Somehow Ginger Snaps is 20 years old and that has shocked me right down to my little horror fan core as I very much remember getting the DVD for this in 2003 and loving the ever loving hell out of it. We even have it in our horror movies to watch series! But many moons (sorry) have gone by and I wanted to know if it was still as good as I remember.
Ginger (Katherine Isabelle) and Brigitte Fitzgerald (Emily Perkins) are two morose outcasts in their high school in a quiet run of the mill suburban town. As Ginger reaches her first menstruation, she is attacked by a wild animal. Soon enough Ginger begins to change and becomes popular, leaving the loyal Brigitte behind. With all of these changes Brigitte begins to think that Ginger is going through other changes that are not at all normal.
A lycanthrope story that actually focuses on the difficulties of being a teenager going through pubescent angst has been done before. Yet we have never really seen a telling as strong as Ginger Snaps with the focus on the female side of proceedings. This is where the film gets to stand out and own a small little corner of the horror genre and garner itself a solid cult following. What works best is that although this is very much a story from the female perspective, all teenagers can gravitate towards it. We either knew or were the characters in the film at some point (minus the actual werewolves). The relatability of all involved is what becomes one of its core strengths.
This is all down to the writing by Karen Walton and John Fawcett. They fill their film with so many perfect little moments and by telling the majority of the film through younger sibling Brigitte’s eyes, we are able to see how devastating life and growing up can be. They also bring in themes of jealousy of siblings into the film, whether that be Brigitte’s confused feelings to Ginger suddenly being popular or with Ginger herself when she believes Brigitte is trying to copy her.
The bond they thought they had is fracturing, simply by them growing up and becoming less symbiotic. No longer feeling the need to keep to their blood oath of “Out by sixteen or dead in this scene, but together forever”. Under all of the horror, there is still a very good family drama going on here. Which again allows the film to excel above its own expectations.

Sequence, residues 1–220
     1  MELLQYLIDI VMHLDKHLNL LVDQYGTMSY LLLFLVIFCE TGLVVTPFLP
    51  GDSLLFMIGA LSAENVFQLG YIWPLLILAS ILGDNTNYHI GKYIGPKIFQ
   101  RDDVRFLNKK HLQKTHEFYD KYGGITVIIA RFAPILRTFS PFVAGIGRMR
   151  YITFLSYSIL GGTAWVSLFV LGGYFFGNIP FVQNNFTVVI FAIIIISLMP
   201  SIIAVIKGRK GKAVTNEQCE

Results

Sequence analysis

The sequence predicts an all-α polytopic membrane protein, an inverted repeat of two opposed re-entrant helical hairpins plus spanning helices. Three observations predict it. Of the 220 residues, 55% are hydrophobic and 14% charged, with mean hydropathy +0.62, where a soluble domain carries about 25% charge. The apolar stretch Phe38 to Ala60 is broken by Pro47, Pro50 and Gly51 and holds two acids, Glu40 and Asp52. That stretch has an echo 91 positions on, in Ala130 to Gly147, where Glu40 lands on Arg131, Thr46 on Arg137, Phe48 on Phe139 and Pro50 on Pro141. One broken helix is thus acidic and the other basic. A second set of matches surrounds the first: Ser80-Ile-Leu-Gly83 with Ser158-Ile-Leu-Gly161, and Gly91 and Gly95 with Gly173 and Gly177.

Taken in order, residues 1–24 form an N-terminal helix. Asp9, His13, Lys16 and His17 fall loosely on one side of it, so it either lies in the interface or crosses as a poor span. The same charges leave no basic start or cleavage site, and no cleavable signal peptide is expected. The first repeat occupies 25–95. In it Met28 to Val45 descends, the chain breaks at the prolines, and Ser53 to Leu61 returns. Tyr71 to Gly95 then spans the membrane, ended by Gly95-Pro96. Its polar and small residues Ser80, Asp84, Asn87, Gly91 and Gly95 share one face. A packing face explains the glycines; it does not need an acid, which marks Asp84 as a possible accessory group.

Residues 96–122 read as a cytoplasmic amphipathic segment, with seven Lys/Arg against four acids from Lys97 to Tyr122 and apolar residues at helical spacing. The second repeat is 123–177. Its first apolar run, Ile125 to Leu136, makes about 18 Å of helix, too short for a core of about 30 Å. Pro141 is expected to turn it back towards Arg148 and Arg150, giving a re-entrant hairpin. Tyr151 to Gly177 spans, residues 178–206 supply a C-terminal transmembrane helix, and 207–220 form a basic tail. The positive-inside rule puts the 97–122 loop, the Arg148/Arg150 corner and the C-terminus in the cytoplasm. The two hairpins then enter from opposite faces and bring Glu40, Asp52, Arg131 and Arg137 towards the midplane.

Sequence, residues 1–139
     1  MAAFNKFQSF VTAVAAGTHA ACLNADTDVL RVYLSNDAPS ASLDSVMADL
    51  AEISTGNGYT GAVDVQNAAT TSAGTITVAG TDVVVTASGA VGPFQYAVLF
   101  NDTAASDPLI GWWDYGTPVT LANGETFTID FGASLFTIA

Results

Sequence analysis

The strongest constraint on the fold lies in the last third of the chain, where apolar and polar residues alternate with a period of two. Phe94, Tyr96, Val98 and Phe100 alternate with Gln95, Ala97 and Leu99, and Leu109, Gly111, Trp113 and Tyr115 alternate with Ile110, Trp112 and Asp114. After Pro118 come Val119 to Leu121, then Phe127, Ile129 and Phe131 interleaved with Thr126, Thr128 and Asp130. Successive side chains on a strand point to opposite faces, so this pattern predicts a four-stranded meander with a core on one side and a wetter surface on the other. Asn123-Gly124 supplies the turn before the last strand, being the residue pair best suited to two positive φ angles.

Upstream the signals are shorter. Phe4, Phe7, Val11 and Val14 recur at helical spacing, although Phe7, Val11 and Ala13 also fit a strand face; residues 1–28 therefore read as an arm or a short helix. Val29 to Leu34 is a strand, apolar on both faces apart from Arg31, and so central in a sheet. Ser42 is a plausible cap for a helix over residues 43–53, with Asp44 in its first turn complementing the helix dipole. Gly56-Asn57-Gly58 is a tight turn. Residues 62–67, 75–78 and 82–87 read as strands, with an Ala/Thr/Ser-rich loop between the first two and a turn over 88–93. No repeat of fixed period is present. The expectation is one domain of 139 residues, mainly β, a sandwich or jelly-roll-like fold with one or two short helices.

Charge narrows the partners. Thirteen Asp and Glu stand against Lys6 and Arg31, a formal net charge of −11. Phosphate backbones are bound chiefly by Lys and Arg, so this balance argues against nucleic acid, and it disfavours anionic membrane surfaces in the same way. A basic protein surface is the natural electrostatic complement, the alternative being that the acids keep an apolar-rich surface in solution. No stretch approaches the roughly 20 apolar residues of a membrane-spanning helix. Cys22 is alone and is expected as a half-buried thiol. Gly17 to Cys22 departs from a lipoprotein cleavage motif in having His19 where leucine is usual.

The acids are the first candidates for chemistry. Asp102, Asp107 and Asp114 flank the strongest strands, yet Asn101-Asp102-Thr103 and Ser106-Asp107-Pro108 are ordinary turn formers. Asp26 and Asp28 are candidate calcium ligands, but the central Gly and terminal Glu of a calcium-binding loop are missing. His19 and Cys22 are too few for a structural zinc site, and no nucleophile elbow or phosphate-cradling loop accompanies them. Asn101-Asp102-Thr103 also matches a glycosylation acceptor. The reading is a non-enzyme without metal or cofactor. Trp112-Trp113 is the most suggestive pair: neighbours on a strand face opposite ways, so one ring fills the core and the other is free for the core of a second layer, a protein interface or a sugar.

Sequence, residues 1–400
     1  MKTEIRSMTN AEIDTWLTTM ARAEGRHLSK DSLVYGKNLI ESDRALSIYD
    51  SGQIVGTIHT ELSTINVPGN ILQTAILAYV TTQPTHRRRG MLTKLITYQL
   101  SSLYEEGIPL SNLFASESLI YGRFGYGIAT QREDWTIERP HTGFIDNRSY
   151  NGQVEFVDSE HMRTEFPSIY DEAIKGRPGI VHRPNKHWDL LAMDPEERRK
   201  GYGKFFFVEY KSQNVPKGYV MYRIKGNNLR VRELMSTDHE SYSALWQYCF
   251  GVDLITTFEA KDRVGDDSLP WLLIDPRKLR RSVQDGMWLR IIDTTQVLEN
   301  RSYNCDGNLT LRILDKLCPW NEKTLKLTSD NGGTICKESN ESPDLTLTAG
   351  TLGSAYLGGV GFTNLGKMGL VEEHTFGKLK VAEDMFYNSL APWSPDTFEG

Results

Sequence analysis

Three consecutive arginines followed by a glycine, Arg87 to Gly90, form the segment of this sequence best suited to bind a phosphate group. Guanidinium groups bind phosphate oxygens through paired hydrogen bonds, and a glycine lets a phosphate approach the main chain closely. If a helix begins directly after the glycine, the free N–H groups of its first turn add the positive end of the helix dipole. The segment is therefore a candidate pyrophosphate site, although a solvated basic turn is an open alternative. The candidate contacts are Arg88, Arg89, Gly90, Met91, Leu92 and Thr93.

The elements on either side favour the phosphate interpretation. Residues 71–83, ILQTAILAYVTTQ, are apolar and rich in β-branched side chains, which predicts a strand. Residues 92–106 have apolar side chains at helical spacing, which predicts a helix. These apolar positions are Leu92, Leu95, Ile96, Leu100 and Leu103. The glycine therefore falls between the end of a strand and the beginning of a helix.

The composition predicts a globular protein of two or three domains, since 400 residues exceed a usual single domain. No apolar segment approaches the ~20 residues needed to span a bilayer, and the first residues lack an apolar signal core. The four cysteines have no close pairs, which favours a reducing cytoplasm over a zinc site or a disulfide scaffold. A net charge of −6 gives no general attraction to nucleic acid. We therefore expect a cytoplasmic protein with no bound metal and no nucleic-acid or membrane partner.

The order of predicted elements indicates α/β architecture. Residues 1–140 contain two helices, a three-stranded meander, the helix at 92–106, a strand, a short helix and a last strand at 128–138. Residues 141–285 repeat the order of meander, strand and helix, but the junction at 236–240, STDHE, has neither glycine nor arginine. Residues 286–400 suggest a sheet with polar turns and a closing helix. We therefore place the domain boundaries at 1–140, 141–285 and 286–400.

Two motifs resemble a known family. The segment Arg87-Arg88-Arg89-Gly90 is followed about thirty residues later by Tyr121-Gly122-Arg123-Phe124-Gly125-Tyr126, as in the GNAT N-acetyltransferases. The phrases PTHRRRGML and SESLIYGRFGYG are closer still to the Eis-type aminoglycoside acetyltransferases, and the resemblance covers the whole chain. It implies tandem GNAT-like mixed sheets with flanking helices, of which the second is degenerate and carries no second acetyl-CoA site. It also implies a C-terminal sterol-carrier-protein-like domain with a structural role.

Isabelle helps drive the film as the confused and insecure Ginger who after gaining the confidence after starting her first period and attack. The hallway sequences perfectly soon becomes the frightened teenager who does not know how quite to handle her new body and her urges. Her natural indecisiveness of enjoying her new self and hating what she is becoming allows for the dual idea of puberty and a metaphor for lycanthropy. Isabelle while still a teenager at the time was able to provide the majority of the comical lines while keeping the sinister nature of her turn.
Perkins however, is the heart of the film who starts the film as the timid Brigitte, but as the film progresses we see her own confidence grow as she finds her own path separate from Ginger, even while she is trying to save her sister. It is clearly evident from the end of the film how much stronger a character Brigitte is and her own transformation is quite remarkable. It really is hard to imagine the film being cast with other actresses after seeing how well these two work so well together throughout Ginger Snaps, lightning really struck a bottle with this casting.
There are of course some faults with the film, but they are more of the idea that some aspects of the film are never fully realised, such as the sisters mother Pam (Mimi Rogers) who at times really feels wasted in her role or at the least seemed like her role was cut down in the final drafts or edits of the film. The small budget is also a hindrance but Fawcetts team work wonders with what they have as as much of the budget as possible obviously went on Ginger and her transformation as well as the gore for the deaths. The unlucky person who loses out here is the character of Jesse who’s own transformation is mostly pimples and teeth.
The final act basement scenes also cause a little bit of confusion as we are never sure as to how large this basement is due to it seemingly being never-ending with rooms. This is of course but a minor complaint as Ginger Snaps is a refreshing horror film that at times goes beyond the genre and is able to connect with audiences (even 20 years later) in an easy manner. A rewarding viewing experience and one that will never quite be forgotten thanks to our leads.
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